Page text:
Fairfield Harbour Property Owners Reform Team

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Guess the Harbour Pointe Golf Course must be very confident in their revenues, as we saw the delivery of about 30 fancy new Club Cars to their clubhouse today.  Would be so interesting to see the actual financials of this operation . . . are operating expenses and the appropriate portion of $90,000 quarterly loan obligations covered by revenues from green fees?  Hmmm . . . seems impossible to me.

So, what about the 385Loan?  How long will homeowners endure escalating POA dues to keep this community solvent?  Already, we've seen an increase in properties for sale.  There's been the dump/sale of 100 properties from the POABOD (us!) for $2k each, much less than our cost through foreclosure or other transfer.  Would not be surprised to see a loan default, and the exclusive loan investors taking possession of the 385.

Feels like we're past the iceberg impact on the Titanic and s-i-n-k-i-n-g!






Feb 14 7:31 PM
I don't do the FHPORT UPDATES anymore but this one I think needs to be sent out to all of you property owners. Last night on Channel 9 news at 11pm was a story about all the calls the Craven County Sheriff's office has been getting going on in Fairfirld Harbour. It seems there has been a number of calls Since mid January. The story was picked up by Channel 9 news and they sent a reporter and news truck out to ask questions.

The reporter stated they were NOT ALLOWED INSIDE the gate. He also reported that he repeatedly called HOA President Ann Simpson for comment. There was NO response to the reported from the POA.

So I guess the reporter did get a hold of at least 2 people to ask them for a comment to the crime in FFH. One said It looks like the POA is trying to sweep it under the rug.

If the POA is unwilling to talk to the reporter from channel 9 news it seems they are also unwilling to notify the community on what has been going on. This goes to the question why are we paying OUTSIDE CONTRACTOR security. These people may have good intensions working in FFH but lack the knowledge of the community hurts. This bring me to the point was it better with our own people from FFH doing security?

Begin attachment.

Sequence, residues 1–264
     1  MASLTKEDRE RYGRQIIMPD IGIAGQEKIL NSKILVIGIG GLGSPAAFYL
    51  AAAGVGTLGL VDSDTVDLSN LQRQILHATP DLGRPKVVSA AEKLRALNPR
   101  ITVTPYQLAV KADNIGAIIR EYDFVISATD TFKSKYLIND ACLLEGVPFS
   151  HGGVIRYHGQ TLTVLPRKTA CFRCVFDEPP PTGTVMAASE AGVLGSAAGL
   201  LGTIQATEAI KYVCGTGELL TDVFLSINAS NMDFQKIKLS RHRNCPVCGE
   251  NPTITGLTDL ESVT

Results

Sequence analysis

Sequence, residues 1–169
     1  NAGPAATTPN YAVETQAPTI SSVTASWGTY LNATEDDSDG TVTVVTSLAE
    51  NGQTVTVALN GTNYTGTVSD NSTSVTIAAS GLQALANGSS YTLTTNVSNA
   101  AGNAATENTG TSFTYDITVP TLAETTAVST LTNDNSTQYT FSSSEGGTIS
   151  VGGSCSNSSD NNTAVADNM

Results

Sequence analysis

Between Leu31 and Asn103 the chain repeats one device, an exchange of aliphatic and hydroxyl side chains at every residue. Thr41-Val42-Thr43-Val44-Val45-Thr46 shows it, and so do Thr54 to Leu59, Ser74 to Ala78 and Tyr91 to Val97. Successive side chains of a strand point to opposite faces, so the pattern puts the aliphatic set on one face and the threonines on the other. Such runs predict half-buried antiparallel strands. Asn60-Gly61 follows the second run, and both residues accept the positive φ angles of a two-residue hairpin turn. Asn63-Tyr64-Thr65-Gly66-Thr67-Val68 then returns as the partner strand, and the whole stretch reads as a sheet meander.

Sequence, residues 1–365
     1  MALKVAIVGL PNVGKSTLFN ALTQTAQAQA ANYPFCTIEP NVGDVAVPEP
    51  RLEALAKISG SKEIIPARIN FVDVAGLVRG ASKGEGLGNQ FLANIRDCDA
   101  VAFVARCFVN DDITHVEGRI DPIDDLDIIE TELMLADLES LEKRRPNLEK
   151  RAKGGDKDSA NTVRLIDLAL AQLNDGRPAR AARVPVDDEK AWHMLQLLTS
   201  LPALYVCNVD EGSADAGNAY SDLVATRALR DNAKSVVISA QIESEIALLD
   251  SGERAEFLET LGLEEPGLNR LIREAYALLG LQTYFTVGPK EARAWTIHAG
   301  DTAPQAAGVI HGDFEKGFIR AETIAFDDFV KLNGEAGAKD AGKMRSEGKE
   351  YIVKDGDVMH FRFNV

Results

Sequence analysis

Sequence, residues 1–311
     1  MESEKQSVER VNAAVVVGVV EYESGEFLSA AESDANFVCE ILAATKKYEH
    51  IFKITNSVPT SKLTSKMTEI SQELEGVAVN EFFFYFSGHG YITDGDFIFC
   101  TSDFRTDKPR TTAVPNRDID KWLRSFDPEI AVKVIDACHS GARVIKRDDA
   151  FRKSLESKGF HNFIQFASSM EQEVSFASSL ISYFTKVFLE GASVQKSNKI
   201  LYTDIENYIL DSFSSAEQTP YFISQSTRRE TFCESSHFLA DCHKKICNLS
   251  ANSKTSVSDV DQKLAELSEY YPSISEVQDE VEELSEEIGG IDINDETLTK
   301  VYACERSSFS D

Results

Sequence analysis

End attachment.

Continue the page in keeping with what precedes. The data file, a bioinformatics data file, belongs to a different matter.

We pay for management that keeps screwing us over. We pay for security that  cannot seem to find the problems going on right under their nose.

I just wish someone would have invited the Channel 9 team into FFH. The guards cannot stop them at that point.
Rich Edwards


As I was leaving from the harbor about 3 this afternoon, I and a few other cars did a double take on seeing a big boxy white truck coming in the gate. It had "Bomb Squad" over the windshield, 2 men sitting up front. The side of it said," North Carolina bureau of investigation, bomb squad".  The guards let them through. Wonder what that was all about.
J Leslie.




'Churn and burn' schemes can defraud HOAs when boards don't pay attention

Question:  I was finally able to do a walk-through with our association’s gardener after our property manager was let go. I was shocked to learn that several beautiful mature trees were removed from our common areas without approval from the board. He was also systematically replacing flowers and other vegetation, with the turnover of plants throughout the complex reaching a fever pitch that cost us tens of thousands of dollars..

When the gardener was pressed for answers, he said he was directed to do so by the former manager and even threatened to leave if we prevented him from ripping out plants and putting in new ones. Another board director later told me she found out that an individual board member was working with the manager to have the gardener perform the work and was getting a $500 kickback for each tree that was felled. It’s outrageous. Can we be compensated for our trees? Have you ever heard of such graft?

Answer:  This may be hard to believe, but this type of graft is so common that it has a name: “churn and burn.” And whether it is conducted by an individual board member, a manager or both plotting together, it typically occurs when the board is not paying attention, allowing theft to occur right under its nose.

The quickest way to stop these needless expenses is for your board directors to do what they were elected to do as fiduciaries — that is, act in good faith and oversee association operations. Practically speaking, the board should have current schedules showing the dates and times for upcoming vendor activities. For the purpose of oversight, at least one director should be present at those scheduled events.

Even though the association has a manager, the board is obligated to provide all its vendors with clear and concise job instructions. Part of those instructions should include the association’s hierarchy of supervision for all employees and vendors. Just like the gardener, the manager should not have taken direction from one board director alone — especially when such instruction may compromise the association’s best interests in keeping irreplaceable mature trees. Vendor work must be approved by the entire board.